UN urges Sudan to coordinate aid delivery amid pandemic

Alaturka Amerika ABD Haberleri

By Jeyhun Aliyev

ANKARA (AA) – The UN urged Sudan on Tuesday to coordinate with its organizations so “lifesaving aid” can continue to be provided to the country’s most vulnerable people, including to help combat the novel coronavirus outbreak.

In a statement, it said 23 UN organizations are calling on Sudan’s government to facilitate the provision of humanitarian assistance in the country.

Calling the coronavirus pandemic the "largest global challenge since World War II,” Gwi Yeop Son, the UN Resident and Humanitarian Coordinator for Sudan, said the UN and its partners reached more than 7 million people in need in 2019 and plan to reach 6.1 million people this year.

“If not properly coordinated, aid delivery may be delayed or fail to go ahead as a consequence of COVID-19,” she said, adding the UN is "staying and delivering assistance" in the country.

Son said that as of April 7, there were 14 confirmed cases in Sudan and the number could "rapidly" increase.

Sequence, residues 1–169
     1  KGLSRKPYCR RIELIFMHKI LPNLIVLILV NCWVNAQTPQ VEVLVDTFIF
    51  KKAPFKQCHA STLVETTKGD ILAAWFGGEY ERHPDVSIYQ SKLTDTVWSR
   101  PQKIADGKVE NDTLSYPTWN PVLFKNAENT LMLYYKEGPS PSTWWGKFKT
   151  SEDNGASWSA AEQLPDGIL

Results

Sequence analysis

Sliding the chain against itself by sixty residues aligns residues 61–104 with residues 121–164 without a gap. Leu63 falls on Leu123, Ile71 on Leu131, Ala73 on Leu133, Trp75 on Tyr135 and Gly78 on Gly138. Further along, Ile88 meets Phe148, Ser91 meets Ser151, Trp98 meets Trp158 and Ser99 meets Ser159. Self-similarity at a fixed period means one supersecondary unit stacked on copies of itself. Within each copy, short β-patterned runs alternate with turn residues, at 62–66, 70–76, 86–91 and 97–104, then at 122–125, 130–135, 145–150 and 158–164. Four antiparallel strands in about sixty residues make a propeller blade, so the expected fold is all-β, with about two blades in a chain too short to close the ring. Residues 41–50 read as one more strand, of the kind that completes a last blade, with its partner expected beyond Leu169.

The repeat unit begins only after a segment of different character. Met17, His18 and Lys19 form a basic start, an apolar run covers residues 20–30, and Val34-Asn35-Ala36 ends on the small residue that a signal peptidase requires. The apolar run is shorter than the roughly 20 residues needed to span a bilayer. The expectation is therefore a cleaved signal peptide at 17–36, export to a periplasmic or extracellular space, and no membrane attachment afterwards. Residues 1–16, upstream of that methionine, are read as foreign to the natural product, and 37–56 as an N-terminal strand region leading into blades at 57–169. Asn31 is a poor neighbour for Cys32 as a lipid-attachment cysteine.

The UN cited three areas where it needed to coordinate with Sudan’s government, including the fast track entry of health and humanitarian workers into the country, fast tracking or lifting travel restrictions within the country on essential people including medical and humanitarian workers inside Sudan, and allowing the UN Humanitarian Air Service (UNHAS) to continue to undertake approved internal and external flights in line with critical lifesaving programming.

“Already, the United Nations is coordinating with Sudan’s government in some of these areas. But as COVID-19 spreads in Sudan, we need to ensure this cooperation continues so lifesaving operations can reach people in need,” she added.

The statement highlighted that around 9.3 million people require humanitarian support across Sudan this year and that the UN humanitarian plan in the country is only 14% funded.

After first appearing in Wuhan, China, last December, the virus has spread to at least 184 countries and regions, according to data compiled by U.S.-based Johns Hopkins University.

The data shows more than 1.42 million cases have been reported worldwide with the death toll more than 82,000 and over 300,000 recoveries.